October 15th, 2009 by depesz | Tags: , , , , | 4 comments »
Did it help? If yes - maybe you can help me?

Andrew Gierth (RhodiumToad on irc) wrote, and Tom Lane committed:

Assorted improvements in contrib/hstore.
 
Remove the 64K limit on the lengths of keys and values within an hstore.
(This changes the on-disk format, but the old format can still be read.)
Add support for btree/hash opclasses for hstore --- this is not so much
for actual indexing purposes as to allow use of GROUP BY, DISTINCT, etc.
Add various other new functions and operators.
 
Andrew Gierth

So, I assume that you know/understand what hstore is. If not – please read the docs, but in short it can be said that it's a hash (associative array, dictionary) in single field in PostgreSQL.

So, Andrew added some new things. But what things?

First of all – you can use hstore for group/distinct. And this is very cool. Let me show you how it works:

# CREATE TABLE test (h hstore);
# INSERT INTO test (h) VALUES ('a=>123');
# INSERT INTO test (h) VALUES ('a=>123');
# INSERT INTO test (h) VALUES ('a=>256');
# INSERT INTO test (h) VALUES ('a=>256,b=>512');
# SELECT h, count(*) FROM test group by h;
h │ count
────────────────────────┼───────
"a"=>"123" │ 2
"a"=>"256", "b"=>"512" │ 1
"a"=>"256" │ 1
(3 rows)

Of course you'll usually want some finer grained statistics, but if you have relatively low number of various fields in hstore column – it can be quite good way to check what's what.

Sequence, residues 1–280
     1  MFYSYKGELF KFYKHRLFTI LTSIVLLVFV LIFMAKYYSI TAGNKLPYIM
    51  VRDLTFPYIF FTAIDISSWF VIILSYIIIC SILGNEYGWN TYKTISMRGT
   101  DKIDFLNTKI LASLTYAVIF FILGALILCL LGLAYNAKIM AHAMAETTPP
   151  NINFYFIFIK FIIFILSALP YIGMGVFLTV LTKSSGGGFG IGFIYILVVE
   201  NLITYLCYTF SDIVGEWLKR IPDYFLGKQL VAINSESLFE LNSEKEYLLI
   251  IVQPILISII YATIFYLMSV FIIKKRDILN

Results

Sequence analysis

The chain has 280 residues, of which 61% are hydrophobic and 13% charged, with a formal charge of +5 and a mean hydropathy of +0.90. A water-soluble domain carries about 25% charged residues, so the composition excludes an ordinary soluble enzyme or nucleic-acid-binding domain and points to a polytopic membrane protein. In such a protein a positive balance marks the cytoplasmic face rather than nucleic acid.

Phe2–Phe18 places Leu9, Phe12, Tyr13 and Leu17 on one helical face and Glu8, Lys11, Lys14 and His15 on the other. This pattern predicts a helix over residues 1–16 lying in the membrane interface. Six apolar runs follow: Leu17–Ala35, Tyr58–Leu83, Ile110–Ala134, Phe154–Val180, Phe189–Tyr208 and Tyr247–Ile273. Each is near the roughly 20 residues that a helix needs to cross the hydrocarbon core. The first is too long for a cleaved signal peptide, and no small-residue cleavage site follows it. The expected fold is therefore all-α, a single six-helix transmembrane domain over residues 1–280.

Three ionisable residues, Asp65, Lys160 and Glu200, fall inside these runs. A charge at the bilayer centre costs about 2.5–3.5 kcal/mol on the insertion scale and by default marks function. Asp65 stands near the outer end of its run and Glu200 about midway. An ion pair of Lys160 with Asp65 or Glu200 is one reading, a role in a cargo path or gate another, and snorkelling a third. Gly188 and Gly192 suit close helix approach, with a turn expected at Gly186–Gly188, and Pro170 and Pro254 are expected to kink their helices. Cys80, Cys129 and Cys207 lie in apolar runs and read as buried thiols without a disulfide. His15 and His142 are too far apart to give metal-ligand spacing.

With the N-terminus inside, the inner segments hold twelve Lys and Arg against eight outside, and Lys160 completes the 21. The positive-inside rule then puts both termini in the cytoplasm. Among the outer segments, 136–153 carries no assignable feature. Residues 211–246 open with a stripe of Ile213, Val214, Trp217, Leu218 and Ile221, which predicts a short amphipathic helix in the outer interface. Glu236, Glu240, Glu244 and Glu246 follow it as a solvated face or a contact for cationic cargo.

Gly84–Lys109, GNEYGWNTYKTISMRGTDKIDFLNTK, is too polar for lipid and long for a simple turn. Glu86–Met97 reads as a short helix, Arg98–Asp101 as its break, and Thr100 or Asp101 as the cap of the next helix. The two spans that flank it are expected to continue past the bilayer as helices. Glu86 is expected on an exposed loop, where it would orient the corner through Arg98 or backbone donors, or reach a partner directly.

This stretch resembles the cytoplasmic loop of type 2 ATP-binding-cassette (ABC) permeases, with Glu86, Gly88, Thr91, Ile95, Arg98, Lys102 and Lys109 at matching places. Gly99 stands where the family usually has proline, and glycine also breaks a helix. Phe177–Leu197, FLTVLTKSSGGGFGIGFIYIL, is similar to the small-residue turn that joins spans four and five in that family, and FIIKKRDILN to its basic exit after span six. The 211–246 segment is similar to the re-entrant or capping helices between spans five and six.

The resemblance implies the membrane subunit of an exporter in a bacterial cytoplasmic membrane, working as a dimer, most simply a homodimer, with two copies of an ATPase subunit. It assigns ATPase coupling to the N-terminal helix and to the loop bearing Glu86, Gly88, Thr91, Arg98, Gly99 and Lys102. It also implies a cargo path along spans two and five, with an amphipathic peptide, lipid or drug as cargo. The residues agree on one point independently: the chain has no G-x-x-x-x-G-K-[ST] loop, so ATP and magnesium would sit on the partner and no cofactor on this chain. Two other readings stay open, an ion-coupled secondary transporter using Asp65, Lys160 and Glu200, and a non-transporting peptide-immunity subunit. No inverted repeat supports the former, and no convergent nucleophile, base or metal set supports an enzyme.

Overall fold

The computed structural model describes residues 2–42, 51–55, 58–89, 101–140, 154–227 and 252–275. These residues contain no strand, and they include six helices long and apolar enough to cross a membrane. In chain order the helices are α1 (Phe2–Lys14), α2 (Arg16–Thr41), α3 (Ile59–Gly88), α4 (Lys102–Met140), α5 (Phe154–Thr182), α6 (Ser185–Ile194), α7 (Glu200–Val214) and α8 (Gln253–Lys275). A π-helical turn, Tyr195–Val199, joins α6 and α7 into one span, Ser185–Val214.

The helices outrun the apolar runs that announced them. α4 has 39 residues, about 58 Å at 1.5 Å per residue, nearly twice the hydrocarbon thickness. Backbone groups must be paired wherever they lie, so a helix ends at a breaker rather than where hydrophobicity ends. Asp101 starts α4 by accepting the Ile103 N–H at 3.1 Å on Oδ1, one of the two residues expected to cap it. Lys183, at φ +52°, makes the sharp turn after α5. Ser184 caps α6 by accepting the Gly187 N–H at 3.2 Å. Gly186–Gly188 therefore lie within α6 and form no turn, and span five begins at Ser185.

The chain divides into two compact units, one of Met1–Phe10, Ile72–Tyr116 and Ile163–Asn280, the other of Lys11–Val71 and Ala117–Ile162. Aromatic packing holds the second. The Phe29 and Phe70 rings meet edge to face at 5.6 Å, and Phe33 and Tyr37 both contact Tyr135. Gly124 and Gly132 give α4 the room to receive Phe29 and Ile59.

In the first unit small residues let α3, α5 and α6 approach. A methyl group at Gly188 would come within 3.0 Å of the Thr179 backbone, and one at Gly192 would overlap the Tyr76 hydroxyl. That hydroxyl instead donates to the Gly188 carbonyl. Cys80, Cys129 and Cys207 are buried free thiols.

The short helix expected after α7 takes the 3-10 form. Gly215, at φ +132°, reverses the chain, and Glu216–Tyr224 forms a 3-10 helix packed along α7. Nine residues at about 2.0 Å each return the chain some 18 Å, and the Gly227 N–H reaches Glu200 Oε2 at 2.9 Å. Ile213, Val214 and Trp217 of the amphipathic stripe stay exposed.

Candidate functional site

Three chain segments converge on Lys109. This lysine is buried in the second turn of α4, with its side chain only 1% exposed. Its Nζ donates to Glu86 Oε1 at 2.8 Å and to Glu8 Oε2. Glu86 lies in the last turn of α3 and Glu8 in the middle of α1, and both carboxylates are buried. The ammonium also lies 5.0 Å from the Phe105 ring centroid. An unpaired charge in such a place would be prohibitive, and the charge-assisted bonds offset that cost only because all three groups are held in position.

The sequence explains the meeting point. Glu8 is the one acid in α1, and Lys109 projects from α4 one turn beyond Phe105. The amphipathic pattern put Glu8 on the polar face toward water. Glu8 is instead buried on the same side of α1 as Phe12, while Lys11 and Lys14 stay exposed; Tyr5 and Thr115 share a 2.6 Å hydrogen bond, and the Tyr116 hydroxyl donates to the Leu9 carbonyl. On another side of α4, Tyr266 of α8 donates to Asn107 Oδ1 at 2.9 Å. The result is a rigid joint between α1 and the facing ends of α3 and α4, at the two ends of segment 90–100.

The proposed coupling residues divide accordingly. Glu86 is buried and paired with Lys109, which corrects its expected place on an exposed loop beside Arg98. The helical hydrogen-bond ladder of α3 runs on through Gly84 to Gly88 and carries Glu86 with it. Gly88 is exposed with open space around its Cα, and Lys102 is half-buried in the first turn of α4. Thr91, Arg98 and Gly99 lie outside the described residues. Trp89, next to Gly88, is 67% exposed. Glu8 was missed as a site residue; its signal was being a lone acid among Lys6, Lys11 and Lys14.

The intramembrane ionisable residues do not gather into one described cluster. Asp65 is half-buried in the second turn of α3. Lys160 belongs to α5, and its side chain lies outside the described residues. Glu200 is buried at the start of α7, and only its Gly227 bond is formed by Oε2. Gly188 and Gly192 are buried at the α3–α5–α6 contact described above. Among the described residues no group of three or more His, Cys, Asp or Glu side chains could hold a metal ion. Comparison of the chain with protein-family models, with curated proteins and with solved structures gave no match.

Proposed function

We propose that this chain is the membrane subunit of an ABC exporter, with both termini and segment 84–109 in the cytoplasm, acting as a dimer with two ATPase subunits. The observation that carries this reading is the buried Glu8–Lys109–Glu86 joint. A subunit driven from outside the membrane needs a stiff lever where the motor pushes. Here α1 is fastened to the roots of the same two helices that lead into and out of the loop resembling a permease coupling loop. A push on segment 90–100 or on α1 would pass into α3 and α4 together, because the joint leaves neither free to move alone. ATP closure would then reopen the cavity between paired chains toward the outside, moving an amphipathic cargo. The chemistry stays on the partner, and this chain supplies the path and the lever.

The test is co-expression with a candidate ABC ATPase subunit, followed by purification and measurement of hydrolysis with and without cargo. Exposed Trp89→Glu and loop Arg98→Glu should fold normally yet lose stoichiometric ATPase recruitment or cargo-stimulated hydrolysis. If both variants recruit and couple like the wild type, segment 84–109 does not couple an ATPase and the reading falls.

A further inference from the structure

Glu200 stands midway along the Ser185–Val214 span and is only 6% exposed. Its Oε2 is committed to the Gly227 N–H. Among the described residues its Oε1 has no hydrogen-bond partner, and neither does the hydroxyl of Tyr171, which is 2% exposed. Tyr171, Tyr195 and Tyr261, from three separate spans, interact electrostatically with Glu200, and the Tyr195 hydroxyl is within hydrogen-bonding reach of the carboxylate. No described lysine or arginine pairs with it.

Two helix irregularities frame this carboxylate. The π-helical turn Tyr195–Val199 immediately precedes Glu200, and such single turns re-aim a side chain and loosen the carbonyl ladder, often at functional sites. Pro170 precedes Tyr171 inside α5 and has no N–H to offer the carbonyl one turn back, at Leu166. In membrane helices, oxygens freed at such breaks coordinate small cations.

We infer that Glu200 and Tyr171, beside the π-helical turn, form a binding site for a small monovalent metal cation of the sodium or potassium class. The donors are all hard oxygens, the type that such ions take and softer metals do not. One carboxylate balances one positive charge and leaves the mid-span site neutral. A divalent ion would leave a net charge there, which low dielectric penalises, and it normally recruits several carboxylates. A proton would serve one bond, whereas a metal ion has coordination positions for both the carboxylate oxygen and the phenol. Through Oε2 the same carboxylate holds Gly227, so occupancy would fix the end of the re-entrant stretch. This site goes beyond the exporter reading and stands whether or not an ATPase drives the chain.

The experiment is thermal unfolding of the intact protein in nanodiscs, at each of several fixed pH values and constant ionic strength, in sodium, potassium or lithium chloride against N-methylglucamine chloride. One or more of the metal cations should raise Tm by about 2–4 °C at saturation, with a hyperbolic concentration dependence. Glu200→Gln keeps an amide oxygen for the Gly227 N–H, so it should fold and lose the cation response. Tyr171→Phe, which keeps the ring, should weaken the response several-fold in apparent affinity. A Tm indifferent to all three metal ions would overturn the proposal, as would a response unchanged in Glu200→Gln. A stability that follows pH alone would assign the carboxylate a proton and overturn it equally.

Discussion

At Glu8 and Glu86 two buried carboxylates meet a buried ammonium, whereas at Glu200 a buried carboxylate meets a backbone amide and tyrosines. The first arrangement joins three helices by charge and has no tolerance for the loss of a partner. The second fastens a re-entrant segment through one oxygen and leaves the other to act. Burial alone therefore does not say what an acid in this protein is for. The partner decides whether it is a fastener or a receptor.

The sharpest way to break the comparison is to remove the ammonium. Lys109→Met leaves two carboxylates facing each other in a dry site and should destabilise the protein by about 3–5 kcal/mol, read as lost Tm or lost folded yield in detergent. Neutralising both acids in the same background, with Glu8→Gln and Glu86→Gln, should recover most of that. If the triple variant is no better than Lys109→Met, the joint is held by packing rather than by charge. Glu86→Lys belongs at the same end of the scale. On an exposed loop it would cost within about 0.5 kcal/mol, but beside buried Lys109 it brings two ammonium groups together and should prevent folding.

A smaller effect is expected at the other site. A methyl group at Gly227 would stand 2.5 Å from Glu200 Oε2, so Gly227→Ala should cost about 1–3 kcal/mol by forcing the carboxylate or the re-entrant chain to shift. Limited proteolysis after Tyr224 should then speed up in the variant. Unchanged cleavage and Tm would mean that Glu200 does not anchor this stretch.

As for new functions and operators, let me show you some:

  • -> operator (which is used to get value from hstore, for given key) works now also with arrays:
    # select 'a=>1, b=>2, c=>3, d=>4'::hstore -> ARRAY['b', 'd', 'c'];
    ?column?
    ──────────
    {2,4,3}
    (1 row)

    And even multi-dimensional arrays:

    # select 'a=>1, b=>2, c=>3, d=>4'::hstore -> ARRAY[['b', 'd'],['c', 'd']];
    ?column?
    ───────────────
    {{2,4},{3,4}}
    (1 row)

  • ? operator checks if given key exists in hstore:
    # select 'a=>1, b=>2, c=>3, d=>4'::hstore ? 'a';
    ?column?
    ──────────
    t
    (1 row)
     
    (depesz@[local]:5850) 13:43:42 [depesz]
    # select 'a=>1, b=>2, c=>3, d=>4'::hstore ? 'e';
    ?column?
    ──────────
    f
    (1 row)
  • ?| and ?& operators – which take array, and check if any or all (?| -> any, ?& -> all) keys from array are in hstore:
    # with t as ( select 'a=>1, b=>2, c=>3, d=>4'::hstore as h )
    select h ?| array['a', 'b'], h ?| array['a','x'], h ?| array['x', 'y'] from t;
    ?column? │ ?column? │ ?column?
    ──────────┼──────────┼──────────
    t │ t │ f
    (1 row)
     
    # with t as ( select 'a=>1, b=>2, c=>3, d=>4'::hstore as h )
    select h ?& array['a', 'b'], h ?& array['a','x'], h ?& array['x', 'y'] from t;
    ?column? │ ?column? │ ?column?
    ──────────┼──────────┼──────────
    t │ f │ f
    (1 row)
  • – new operator, which works as delete(hstore, …), and delete() has been extended to support deletes of arrays and hstores:
    # with t as ( select 'a=>1, b=>2, c=>3, d=>4'::hstore as h )